Weekly Photo Challenge: Infinite

Eastern State Penitentiary; Photo Credit: Doree Weller

Eastern State Penitentiary; Photo Credit: Doree Weller

This photo is both timely and appropriate.  It’s a shot of a hallway in the now defunct Eastern State Penitentiary.  If you’re ever in PA, either during Halloween or not, this place is great.

Thanks to last week’s photo challenge.  (oops)

Character Development and Miley Cyrus

Judgmental cat is judging you.

Judgmental cat is judging you.

This week’s writing challenge at the Daily Post was to blog about a divisive issue, namely the whole Miley Cyrus thing at the VMAs.  Normally, I wouldn’t bother with this issue, because I didn’t watch it and don’t care enough about Miley Cyrus to give her space in my head.  That being said, when I went about with my day after I read the topic, things started popping into my head about character development for stories, and how that applies to people in the media.

First off, this isn’t a new issue.  Elvis shook it and scandalized a nation, and millions were shocked when Madonna did “Like a Virgin.”  Okay, pretty much all of Madonna’s early career was shocking.  I’m sure they were called all sorts of names and blamed for the moral downfall of youth.  I saw some of Miley’s performance, and I thought it was pretty disgusting, done for shock value and lacking in artistry.  But it’s not new.  It’s almost a rite of passage.  When I was in my late teens/ early 20s, I did some dumb things because I was trying to grow up too fast and find myself.  I was just lucky enough that none of it was caught on camera.  Hopefully, she’ll grow up, leave this phase behind her.  There are plenty of other young men and women waiting to be “scandalous.”

How does all this link to character development?  Well, I remember reading a bit of advice a long time ago.  It reminded authors that characters were not the people who wrote them, and to be dynamic, they should have their own thoughts, feelings, actions, that may be in direct opposition to the writer.  Books would be pretty boring if they always acted as their author did.  Hearing about Miley Cyrus got me to thinking about the complex motivations of other people, and reminded me that when I’m writing about young adults, they see the world much differently than people twice their age, and I’m sure differently than people twice that age!  If ten people see one event, they will have ten different viewpoints and memories about the event.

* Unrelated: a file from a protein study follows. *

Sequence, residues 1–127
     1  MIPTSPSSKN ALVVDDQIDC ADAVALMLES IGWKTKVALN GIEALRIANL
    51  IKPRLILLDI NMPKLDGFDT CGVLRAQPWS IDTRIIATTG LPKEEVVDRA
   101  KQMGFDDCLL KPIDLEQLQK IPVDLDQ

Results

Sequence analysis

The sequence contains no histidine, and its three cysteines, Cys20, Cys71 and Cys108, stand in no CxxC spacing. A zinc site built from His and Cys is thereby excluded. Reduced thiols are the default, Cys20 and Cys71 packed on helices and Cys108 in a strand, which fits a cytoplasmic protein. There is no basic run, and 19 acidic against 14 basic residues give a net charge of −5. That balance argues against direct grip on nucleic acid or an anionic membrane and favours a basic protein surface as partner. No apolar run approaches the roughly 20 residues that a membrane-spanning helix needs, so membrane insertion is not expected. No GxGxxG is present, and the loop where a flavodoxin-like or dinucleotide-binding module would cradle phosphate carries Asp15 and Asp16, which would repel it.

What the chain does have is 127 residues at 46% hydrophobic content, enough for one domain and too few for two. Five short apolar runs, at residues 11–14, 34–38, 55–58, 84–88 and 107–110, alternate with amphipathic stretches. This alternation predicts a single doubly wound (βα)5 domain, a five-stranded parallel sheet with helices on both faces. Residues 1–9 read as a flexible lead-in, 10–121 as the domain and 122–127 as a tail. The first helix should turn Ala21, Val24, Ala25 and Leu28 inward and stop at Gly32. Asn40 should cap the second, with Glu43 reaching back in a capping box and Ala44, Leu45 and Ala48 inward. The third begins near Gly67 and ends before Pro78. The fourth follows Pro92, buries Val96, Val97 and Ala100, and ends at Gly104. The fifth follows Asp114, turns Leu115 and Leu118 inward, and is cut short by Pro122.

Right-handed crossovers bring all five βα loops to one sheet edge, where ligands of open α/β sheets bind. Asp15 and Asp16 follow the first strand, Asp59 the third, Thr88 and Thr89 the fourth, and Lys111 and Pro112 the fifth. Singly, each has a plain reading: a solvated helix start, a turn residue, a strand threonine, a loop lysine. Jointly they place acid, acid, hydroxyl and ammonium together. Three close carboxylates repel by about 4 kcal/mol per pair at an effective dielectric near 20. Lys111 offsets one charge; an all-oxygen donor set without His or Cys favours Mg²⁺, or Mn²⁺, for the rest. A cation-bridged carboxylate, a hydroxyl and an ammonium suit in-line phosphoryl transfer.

Thanks for the reminder, Miley.

Recipe for Me

“Snips and snails and puppy dog tails… that’s what little boys are made from. Sugar and spice and everything nice… that’s what little girls are made of.”

416623_3483606007567_112988162_oThe recipe has changed somewhat since Mother Goose came up with that recipe. I’ve got just a little bit of sugar in me, but everything nice? Not so much.

If there were a recipe for me, this is probably what would be in it.
2 cups helpfulness
2 cups introversion
Mix well with
Dean Koontz books
Beatles CDs

Blend with
Lots of obscure information
Nervous know-it-all chatter

A pinch of irritation
A heaping tablespoon of sarcasm

Mix well and let sit. If you poke at it, it will probably ignore you or sigh and slam the book shut.

This idea for this post came from the Weekly Writing Challenge at The Daily Post.

Weekly Photo Challenge: Nostalgic

5 015This one is coming at a perfect time for me.  My parents just moved from my childhood home in PA to near me in AZ.  I didn’t think too much about how I’d feel about them selling it, until they did.  Not only did they move, but it’s under contract and probably going to sell soon.  Yes, of course things have to change, and it’s a good thing that they’re here.  I love living in AZ, though I do miss a lot of things about home.  (Pennsylvania will always be home to me)

I love my new home… but it sure is a lot different!

Facebook and Me

IMG_1059Facebook recently had it’s 9th birthday.  Can you believe it’s been around 9 years already?   When I was in school, we were just starting to use search engines for schoolwork.  I remember people talking about MySpace, and I thought they were crazy.  I just didn’t get what all the fuss was about.  I started my first Facebook page in 2009, about a year and a half after I moved to Arizona.  My move was part of the reason I decided to do it.  I figured it was a no-hassle way to keep in touch with friends, and I was right.  I’ve been able to stay connected with people I otherwise may not have.  Facebook can be pretty polarizing, though.  I’m friends with my fair share of people who use it as a way to irritate others… or at least that’s how it seems to me.

I try to keep my settings as private as possible.  I don’t have any incriminating photos up on Facebook.  I do share pictures of myself, which I don’t see as a big deal.  I like seeing pictures of my friends, so I’m sure they like seeing pictures of me too.

My Doree Weller Facebook page doesn’t get a whole lot of action, but part of that is probably because I don’t post all that much to it.  I just can’t get the hang of posting something just to post.  I’m more of “don’t speak unless you have something to say” kinda person, like Mr. Ed.  (No, I’m not dating myself… I used to watch Nick at Night).

The dark side of Facebook is that there’s an immediacy to it, but a level of insulation, so that people feel safe getting into public arguments or calling people out without naming names.  I wouldn’t get into a shouting match with someone in a restaurant, so I’m certainly not going to do it on Facebook.  The positive side of it is that we can all share thoughts, ideas, photos, and life events.  I like to sometimes bounce ideas off my Facebook friends or ask for feedback on trying to title something I’m writing.  I’m so bad at titles!  Like anything else, it is what you make of it.